MoUs inked between Indian, UK institutions

While, the MoU between the Indian Institute of Science (IISc) and the University of Oxford will focus on affordable healthcare and life science, the agreement between the National Institute of Advanced Studies (NIAS) and the University of Exeter, aims at increased collaboration on archaelogical projects.

The agreements were signed in the presence of British Minister for Universities and Science David Willets, who, during his previous visit to Bangalore in November last year, was keen on tying-up with ISRO.

The MoU’s were signed in the backdrop of a workshop held in the City titled, “Pioneering Metallurgy - The origins of Iron and Steel-making in the Southern Indian Sub-continent.”
Briefing mediapersons after the signing of MoUs, Willetts praised Bangalore’s achievements in academic activities and said: “We chose Bangalore as we are confident of seeing good research resulting in products through this relationship.”

Elaborating on the City’s  ability in research and development, Willets spoke about the IISc’s water cycle project and the works going on in NIAS on the history of metallurgy, dating back to ancient India.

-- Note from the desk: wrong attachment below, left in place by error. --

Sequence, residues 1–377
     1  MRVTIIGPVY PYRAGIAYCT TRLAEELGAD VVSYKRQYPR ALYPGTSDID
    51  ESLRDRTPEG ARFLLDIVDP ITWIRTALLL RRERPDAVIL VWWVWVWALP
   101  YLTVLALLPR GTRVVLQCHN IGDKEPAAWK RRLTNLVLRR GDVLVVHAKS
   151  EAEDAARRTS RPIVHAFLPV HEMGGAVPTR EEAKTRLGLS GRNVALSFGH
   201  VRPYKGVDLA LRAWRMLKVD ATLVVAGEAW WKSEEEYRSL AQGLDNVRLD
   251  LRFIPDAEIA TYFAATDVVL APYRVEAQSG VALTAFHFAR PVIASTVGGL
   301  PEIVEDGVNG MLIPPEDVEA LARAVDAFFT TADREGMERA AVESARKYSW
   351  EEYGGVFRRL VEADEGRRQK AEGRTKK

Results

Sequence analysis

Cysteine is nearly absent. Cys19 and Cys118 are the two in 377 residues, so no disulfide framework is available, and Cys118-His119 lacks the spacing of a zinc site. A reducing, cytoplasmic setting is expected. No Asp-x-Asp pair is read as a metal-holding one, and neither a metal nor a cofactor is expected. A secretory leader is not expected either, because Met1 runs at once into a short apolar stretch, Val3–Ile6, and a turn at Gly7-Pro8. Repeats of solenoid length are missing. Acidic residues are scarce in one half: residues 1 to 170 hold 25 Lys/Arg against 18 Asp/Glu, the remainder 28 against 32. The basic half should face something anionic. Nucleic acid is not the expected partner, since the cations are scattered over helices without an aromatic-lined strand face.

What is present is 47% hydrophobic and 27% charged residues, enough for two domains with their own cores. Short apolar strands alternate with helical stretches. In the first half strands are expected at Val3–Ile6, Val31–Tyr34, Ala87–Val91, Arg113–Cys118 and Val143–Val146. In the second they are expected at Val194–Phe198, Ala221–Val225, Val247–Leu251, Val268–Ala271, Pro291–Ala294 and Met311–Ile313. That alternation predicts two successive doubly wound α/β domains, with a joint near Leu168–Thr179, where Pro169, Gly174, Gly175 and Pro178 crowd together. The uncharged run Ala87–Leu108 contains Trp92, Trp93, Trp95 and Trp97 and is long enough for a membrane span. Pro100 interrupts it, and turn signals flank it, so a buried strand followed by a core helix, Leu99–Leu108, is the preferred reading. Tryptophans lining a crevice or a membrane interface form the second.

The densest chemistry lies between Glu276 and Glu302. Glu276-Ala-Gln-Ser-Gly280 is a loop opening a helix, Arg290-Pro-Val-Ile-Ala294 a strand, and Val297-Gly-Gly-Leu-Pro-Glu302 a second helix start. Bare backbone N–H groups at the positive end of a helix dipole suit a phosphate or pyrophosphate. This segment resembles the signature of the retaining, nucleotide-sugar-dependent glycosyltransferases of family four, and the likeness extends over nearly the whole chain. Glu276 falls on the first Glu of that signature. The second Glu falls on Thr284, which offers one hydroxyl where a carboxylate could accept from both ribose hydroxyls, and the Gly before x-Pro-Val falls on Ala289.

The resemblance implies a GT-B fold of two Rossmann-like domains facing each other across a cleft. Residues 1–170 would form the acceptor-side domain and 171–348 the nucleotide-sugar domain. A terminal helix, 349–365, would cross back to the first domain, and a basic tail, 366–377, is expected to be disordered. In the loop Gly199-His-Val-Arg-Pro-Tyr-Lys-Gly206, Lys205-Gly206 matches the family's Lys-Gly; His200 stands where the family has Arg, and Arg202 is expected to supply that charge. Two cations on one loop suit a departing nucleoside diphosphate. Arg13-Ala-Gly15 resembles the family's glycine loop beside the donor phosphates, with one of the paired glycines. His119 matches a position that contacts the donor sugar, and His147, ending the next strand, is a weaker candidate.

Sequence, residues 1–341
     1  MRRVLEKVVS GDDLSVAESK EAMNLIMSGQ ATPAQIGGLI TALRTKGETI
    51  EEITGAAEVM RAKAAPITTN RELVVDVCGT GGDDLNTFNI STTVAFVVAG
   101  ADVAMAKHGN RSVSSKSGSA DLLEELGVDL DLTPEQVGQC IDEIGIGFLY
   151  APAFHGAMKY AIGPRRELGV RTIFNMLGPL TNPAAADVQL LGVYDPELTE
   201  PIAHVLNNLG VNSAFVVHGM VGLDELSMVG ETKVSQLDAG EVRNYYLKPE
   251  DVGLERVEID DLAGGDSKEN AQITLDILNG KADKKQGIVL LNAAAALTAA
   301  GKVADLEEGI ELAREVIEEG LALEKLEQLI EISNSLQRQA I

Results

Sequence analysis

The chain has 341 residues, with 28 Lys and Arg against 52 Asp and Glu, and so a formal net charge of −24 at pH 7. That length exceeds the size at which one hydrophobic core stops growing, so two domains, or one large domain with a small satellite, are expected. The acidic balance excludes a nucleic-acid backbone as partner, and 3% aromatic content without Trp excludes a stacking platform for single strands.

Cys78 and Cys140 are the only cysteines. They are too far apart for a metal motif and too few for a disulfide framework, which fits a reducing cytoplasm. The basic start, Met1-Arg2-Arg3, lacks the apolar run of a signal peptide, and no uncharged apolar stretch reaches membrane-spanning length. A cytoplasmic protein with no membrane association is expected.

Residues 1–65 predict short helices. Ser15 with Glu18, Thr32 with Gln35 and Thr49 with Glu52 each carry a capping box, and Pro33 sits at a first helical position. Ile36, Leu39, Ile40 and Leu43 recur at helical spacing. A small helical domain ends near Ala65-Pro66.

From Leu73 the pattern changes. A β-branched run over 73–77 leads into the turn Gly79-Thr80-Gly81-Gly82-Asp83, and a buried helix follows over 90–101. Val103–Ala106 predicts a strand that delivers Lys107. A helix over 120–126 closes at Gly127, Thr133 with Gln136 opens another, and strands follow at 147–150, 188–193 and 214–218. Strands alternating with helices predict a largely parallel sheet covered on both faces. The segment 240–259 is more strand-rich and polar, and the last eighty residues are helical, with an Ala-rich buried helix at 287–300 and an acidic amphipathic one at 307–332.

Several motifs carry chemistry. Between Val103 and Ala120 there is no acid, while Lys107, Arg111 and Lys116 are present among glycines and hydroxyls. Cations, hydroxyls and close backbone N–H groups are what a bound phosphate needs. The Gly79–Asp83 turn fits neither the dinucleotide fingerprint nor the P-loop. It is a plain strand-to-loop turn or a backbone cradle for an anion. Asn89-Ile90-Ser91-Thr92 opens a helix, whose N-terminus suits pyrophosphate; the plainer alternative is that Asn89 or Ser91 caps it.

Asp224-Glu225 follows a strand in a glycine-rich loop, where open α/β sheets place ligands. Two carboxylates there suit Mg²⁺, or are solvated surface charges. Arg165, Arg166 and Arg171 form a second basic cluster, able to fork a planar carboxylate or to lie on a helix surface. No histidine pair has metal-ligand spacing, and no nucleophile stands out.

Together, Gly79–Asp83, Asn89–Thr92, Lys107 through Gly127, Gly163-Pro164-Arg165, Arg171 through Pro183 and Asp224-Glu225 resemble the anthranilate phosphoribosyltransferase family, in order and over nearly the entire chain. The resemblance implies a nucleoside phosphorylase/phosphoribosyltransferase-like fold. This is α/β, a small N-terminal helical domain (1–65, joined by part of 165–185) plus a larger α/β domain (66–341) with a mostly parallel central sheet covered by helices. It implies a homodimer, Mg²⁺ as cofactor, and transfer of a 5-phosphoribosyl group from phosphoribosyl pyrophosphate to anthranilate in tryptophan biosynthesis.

He said the new agreements were a part of the UK-India Education and Research Initiative (UKIERI). As in 2011, UKIERI has joint projects worth 90 million pounds, as opposed to one million pound in 2008.

He announced that a new scholarship scheme has been introduced for Indian students in the name of former president A P J Abdul Kalam. The scheme, launched by the Queen’s University, Belfast, is worth $400,000 in total, and offers scholarships for up to 100 Indian students enrolling for postgraduate engineering, science and technology programmes, in September 2012.

He also announced that an MoU had been signed between the University of Oxford and the IISc. He said that the initiative would bring together the complementary scientific capabilities of the two Universities in Biology and Engineering. Willets’ visit also included a synergy between UK and the Indian bioenergy research, offering opportunities for innovations, using cutting edge technologies in a number of areas.

Only three centres
“Our relationship with India is serious and this is evident in many ways. It is evident from  the fact that we have only three centres abroad, with one of them being located in India,” said Paul Boyle, Chief Executive for the Economic Council.

“The Queen’s University leads in Science and Technology and we come from a very strong engineering and science base. We would like to offer scholarships in these regions,” said Kevin Mulhern from Queen’s University.

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